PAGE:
GAA director general Páraic Duffy yesterday paid tribute to Frank Murphy’s contribution to the GAA and added that it would continue for some time yet despite his planned retirement.
“He has clearly made a huge contribution to the GAA in Cork and I would like to acknowledge his huge contribution to the GAA nationally,” said Duffy. “He is the chairman of our Rules Advisory Group and had a major part to play in the re-writing in the current rule book.
“I’m sure he will continue to play a part at local and national level for a period of time and he has just started a three-year term as the Rules Advisory Group chairman and is a member of our stadium executive.
“So, on an ongoing basis, he still has a huge contribution to make at Croke Park level, irrespective of what happens in Cork.”
Murphy’s knowledge of the GAA rule book has become legendary over the years. It has been said that no-one in the entire country possesses an understanding of that weighty tome to equal that of the Cork secretary’s.
“He will be very difficult to replace,” Duffy admitted. “I think he really enjoyed working on the rules. Everybody is replaceable and we will have to replace him but he makes a huge contribution.
“He has done so in the past and will continue to do so. He has probably made a bigger contribution than anybody else in terms of the drafting of the rules.”
Duffy has only been the GAA’s director general for approximately 18 months but his dealings with Murphy go back much longer than that thanks to his time spent as chairman of the old Games Administration Committee (GAC).
Murphy was “a very active” member of the GAC during Duffy’s last year in the role and the two were re-acquainted in much more controversial circumstances in more recent times.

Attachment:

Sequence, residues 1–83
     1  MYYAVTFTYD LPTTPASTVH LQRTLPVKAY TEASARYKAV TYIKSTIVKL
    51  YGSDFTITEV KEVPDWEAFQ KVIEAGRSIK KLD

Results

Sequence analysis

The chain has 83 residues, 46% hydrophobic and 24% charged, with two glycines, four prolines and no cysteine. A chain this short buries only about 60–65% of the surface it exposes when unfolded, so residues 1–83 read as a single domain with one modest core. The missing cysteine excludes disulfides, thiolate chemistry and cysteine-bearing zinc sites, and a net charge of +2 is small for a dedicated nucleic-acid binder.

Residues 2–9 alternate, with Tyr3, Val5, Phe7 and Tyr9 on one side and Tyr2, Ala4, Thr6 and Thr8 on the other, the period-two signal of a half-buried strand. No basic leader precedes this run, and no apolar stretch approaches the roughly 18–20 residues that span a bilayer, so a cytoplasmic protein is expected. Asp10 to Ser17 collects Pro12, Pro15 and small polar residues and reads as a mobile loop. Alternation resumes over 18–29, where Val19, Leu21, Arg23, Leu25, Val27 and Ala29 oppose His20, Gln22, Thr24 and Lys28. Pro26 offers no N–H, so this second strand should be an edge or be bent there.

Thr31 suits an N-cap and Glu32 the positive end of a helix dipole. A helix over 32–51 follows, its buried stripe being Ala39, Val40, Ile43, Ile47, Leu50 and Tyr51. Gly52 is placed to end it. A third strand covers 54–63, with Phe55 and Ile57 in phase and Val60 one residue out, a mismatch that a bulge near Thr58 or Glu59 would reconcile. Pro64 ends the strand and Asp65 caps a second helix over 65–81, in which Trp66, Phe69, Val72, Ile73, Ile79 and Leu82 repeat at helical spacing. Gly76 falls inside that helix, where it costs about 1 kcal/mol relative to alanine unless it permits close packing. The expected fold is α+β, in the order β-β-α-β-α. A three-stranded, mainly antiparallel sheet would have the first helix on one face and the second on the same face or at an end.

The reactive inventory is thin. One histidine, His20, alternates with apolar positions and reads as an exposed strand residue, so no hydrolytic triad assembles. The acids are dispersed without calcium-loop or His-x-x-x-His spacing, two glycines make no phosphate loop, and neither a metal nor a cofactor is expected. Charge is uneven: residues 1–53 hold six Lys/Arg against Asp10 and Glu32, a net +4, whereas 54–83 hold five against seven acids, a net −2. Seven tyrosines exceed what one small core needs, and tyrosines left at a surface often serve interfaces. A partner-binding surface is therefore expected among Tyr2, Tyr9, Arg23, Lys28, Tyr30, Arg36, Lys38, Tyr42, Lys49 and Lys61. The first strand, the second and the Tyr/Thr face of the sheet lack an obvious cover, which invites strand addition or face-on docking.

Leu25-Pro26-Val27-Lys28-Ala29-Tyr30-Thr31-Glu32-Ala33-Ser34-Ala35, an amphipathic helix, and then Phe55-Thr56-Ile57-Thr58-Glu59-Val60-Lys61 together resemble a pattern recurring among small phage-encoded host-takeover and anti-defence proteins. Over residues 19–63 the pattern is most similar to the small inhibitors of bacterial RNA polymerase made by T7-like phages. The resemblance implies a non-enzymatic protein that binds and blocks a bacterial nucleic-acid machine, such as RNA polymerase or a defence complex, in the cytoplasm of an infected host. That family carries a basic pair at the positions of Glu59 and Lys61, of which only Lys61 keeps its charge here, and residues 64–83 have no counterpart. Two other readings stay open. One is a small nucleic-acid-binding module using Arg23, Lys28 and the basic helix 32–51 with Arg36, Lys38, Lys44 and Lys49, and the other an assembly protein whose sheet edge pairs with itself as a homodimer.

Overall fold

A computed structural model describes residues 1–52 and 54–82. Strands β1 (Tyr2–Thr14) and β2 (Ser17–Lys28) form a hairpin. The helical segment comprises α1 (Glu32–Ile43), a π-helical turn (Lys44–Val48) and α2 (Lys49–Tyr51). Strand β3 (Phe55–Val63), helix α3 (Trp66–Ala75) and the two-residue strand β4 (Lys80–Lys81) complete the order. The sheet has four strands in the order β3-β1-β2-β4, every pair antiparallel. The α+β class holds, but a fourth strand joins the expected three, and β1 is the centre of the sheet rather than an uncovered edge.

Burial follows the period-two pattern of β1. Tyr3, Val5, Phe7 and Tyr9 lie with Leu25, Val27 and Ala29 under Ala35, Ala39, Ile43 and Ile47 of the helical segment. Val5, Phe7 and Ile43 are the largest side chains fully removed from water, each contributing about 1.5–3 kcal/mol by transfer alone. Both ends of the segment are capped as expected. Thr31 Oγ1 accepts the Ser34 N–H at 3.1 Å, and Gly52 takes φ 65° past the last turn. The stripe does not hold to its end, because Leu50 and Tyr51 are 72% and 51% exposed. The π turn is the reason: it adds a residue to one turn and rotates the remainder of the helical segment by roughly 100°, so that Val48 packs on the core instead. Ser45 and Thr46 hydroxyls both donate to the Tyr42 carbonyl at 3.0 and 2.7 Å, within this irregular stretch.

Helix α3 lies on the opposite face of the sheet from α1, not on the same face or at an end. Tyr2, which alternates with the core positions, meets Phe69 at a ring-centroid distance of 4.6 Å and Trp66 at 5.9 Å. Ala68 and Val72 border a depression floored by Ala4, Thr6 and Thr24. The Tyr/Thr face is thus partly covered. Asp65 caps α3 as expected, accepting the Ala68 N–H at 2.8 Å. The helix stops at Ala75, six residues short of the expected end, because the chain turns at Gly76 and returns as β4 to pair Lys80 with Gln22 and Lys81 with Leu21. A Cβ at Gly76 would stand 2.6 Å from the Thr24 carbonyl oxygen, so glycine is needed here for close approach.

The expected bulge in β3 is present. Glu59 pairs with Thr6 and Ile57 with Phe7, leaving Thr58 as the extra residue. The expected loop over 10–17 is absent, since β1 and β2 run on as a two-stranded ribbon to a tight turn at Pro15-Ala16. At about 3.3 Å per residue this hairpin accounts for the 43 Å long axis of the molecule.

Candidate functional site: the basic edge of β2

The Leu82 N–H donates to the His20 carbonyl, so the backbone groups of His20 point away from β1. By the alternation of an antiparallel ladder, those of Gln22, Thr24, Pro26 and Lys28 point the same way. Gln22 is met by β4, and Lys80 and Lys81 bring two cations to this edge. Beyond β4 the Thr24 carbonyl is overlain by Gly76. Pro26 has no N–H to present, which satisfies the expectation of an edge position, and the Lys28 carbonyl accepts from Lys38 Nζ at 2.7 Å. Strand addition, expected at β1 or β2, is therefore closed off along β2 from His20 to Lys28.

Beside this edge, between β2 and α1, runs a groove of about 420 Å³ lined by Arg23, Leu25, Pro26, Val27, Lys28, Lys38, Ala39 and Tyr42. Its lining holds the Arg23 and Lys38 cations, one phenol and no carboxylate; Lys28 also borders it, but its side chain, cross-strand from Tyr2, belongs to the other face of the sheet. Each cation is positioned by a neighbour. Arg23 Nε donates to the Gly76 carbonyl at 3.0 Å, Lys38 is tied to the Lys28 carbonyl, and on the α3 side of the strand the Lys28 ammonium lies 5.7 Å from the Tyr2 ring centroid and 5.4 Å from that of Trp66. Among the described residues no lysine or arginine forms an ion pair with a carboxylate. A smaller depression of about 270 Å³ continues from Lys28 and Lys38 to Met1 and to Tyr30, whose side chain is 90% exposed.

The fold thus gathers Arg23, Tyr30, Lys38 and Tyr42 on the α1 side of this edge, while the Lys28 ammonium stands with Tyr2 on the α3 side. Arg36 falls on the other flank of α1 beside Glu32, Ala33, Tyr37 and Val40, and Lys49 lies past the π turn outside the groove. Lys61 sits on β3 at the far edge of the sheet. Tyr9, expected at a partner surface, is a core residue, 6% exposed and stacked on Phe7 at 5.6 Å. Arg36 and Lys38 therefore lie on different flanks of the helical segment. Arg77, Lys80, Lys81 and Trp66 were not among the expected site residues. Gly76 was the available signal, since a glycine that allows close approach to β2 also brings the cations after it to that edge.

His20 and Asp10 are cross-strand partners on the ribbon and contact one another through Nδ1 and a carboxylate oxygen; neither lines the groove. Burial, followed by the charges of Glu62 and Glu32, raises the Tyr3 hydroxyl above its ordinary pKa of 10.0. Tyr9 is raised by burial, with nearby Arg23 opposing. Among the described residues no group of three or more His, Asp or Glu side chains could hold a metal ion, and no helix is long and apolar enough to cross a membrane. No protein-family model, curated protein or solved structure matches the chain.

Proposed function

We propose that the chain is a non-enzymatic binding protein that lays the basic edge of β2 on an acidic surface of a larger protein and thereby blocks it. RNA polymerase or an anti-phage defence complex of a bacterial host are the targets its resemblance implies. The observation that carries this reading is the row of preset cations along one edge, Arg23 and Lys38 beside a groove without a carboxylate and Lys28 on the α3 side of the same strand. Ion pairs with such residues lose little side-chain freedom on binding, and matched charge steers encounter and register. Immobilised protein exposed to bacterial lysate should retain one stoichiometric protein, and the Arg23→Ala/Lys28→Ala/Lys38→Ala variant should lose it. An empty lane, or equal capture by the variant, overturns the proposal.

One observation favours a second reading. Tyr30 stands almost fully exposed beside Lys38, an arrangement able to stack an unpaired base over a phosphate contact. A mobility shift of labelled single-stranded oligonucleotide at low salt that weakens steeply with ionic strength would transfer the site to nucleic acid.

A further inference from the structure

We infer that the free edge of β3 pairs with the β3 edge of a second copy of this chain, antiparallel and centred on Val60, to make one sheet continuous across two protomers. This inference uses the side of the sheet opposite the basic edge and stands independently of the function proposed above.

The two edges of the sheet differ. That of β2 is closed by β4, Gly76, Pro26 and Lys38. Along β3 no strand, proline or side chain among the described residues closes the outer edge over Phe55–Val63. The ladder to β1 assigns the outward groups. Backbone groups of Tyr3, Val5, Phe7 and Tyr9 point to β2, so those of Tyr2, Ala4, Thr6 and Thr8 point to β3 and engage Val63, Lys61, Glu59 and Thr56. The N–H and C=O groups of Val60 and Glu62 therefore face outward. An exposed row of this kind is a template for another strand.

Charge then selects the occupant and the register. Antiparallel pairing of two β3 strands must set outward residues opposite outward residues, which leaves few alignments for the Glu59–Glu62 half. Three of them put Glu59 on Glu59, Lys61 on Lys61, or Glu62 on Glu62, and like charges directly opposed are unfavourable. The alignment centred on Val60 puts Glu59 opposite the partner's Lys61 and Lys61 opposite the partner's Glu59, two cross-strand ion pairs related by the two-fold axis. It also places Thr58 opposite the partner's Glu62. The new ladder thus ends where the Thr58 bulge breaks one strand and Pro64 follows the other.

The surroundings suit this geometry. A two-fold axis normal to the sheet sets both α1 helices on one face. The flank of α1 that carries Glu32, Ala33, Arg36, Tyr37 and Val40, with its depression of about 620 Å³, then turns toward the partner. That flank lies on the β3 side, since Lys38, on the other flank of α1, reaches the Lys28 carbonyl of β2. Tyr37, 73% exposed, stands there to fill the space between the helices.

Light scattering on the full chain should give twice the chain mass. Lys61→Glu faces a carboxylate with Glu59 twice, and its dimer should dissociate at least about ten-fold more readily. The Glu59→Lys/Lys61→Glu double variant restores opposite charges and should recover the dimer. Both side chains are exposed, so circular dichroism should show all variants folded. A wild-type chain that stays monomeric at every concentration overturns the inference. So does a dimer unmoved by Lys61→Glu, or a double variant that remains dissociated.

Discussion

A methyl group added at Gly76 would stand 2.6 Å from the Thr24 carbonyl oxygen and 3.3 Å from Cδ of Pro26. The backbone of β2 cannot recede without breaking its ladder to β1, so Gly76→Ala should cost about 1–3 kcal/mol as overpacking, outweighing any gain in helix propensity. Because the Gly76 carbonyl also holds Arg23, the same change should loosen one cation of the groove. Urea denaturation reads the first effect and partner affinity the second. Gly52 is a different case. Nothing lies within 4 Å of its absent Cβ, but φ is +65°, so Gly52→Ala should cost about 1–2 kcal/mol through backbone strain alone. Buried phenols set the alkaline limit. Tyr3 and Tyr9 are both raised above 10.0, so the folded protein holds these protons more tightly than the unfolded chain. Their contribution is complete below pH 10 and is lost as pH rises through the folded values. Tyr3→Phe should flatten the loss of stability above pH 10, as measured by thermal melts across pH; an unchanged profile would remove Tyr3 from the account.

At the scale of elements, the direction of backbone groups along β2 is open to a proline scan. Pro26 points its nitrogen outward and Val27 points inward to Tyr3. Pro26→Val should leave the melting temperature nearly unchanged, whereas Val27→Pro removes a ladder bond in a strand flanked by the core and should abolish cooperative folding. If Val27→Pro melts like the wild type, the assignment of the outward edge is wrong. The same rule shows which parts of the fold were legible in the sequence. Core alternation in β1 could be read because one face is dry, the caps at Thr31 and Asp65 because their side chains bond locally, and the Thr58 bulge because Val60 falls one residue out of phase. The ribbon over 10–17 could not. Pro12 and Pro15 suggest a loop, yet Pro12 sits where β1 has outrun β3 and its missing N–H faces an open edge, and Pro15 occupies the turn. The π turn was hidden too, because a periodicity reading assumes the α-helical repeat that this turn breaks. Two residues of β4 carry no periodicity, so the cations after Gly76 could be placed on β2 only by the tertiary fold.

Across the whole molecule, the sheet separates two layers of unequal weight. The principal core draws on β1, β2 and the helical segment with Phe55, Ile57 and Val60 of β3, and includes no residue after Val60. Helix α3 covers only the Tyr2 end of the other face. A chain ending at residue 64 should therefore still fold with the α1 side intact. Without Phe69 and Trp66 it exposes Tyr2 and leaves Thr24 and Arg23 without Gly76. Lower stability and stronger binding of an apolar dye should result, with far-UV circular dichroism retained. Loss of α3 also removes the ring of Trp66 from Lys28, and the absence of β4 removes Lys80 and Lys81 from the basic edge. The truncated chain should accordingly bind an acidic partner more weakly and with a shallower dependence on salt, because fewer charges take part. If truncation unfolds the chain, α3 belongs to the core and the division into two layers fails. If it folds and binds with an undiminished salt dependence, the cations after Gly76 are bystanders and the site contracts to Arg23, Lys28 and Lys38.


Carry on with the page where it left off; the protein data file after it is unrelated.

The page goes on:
Murphy has served the association in a variety of capacities but, to many people, his name will always be associated with the recent crises involving the county’s senior hurling and football sides.
Duffy was involved in the peace talks on both of those occasions.
“The Cork situation was very difficult for everybody. It certainly affected Frank the same as if affected everybody. It was certainly a tough time. There were no winners in that.
“I have found him fine to deal with and when I got involved everybody was doing their best to resolve the issue and Frank was doing the same as everybody else. He has made a huge contribution.
“I know at times he has been involved, I suppose, in controversial issues but I find him a good person to work with. He is extremely capable, extremely competent and he made a huge contribution to the GAA and will continue to do so.”
Meanwhile, Duffy has revealed that the GAA intends to announce its new line-up of sponsors for the All-Ireland hurling championship before Christmas after recent speculation that RTÉ will not be renewing its involvement. RTÉ, Etihad and Guinness were the three companies to sign up to a two-year sponsorship agreement early last year. That will expire on Sunday evening and negotiations have already begun on the new contracts.
© Irish Examiner Ltd. All rights reserved